use-icon

HOW TO USE THE DICTIONARY

To look up an entry in The American Heritage Dictionary of the English Language, use the search window above. For best results, after typing in the word, click on the “Search” button instead of using the “enter” key.

Some compound words (like bus rapid transit, dog whistle, or identity theft) don’t appear on the drop-down list when you type them in the search bar. For best results with compound words, place a quotation mark before the compound word in the search window.

guide to the dictionary

use-icon

THE USAGE PANEL

The Usage Panel is a group of nearly 200 prominent scholars, creative writers, journalists, diplomats, and others in occupations requiring mastery of language. Annual surveys have gauged the acceptability of particular usages and grammatical constructions.

The Panelists

puzzle-icon

NEED HELP SOLVING A CROSSWORD PUZZLE?

Go to our Crossword Puzzle Solver and type in the letters that you know, and the Solver will produce a list of possible solutions.

open-icon

AMERICAN HERITAGE DICTIONARY APP

The new American Heritage Dictionary app is now available for iOS and Android.

scroll-icon

THE AMERICAN HERITAGE DICTIONARY BLOG

The articles in our blog examine new words, revised definitions, interesting images from the fifth edition, discussions of usage, and more.

100-words-icon

See word lists from the best-selling 100 Words Series!

Find out more!

open-icon

INTERESTED IN DICTIONARIES?

Check out the Dictionary Society of North America at http://www.dictionarysociety.com

we (wē)
Share:
pron.
1. Used by the speaker or writer to indicate the speaker or writer along with another or others as the subject: We made it to the lecture hall on time. We are planning a trip to Arizona this winter.
2. Used to refer to people in general, including the speaker or writer: "How can we enter the professions and yet remain civilized human beings?" (Virginia Woolf).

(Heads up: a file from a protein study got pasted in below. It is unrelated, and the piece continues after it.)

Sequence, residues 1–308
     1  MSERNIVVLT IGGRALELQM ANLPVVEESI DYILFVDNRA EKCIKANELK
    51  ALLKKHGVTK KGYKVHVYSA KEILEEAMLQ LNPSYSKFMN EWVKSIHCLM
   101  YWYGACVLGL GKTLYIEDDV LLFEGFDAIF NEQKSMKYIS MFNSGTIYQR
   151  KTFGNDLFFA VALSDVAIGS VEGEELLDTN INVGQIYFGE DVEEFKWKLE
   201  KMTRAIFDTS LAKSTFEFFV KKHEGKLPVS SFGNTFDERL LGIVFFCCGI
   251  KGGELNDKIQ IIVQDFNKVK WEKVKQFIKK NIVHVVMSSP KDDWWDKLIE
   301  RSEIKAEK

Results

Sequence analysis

3. Used instead of I, especially by a writer wishing to reduce or avoid a subjective tone.
4. Used instead of I, especially by an editorialist, in expressing the opinion or point of view of a publication's management.
5. Used instead of I by a sovereign in formal address to refer to himself or herself.
6. Used instead of you in direct address, especially to imply a patronizing camaraderie with the addressee: How are we feeling today?

[Middle English, from Old English wē; see we- in the Appendix of Indo-European roots.]

Usage Note: Appositive nouns or noun phrases sometimes lead writers and speakers to choose incorrect pronoun forms. Thus us is frequently found in constructions such as Us owners will have something to say about the contract, where we is required as the subject of the sentence. Less frequently, we is substituted in positions where us should be used, as in For we students, it's a no-win situation. In all cases, the function of the pronoun within the sentence should determine its form, whether or not it is followed by a noun or noun phrase. See Usage Notes at be, I1.

The American Heritage® Dictionary of the English Language, Fifth Edition copyright ©2018 by Houghton Mifflin Harcourt Publishing Company. All rights reserved.
 

Indo-European & Semitic Roots Appendices

    Thousands of entries in the dictionary include etymologies that trace their origins back to reconstructed proto-languages. You can obtain more information about these forms in our online appendices:

    Indo-European Roots

    Semitic Roots

    The Indo-European appendix covers nearly half of the Indo-European roots that have left their mark on English words. A more complete treatment of Indo-European roots and the English words derived from them is available in our Dictionary of Indo-European Roots.

This website is best viewed in Chrome, Firefox, Microsoft Edge, or Safari. Some characters in pronunciations and etymologies cannot be displayed properly in Internet Explorer.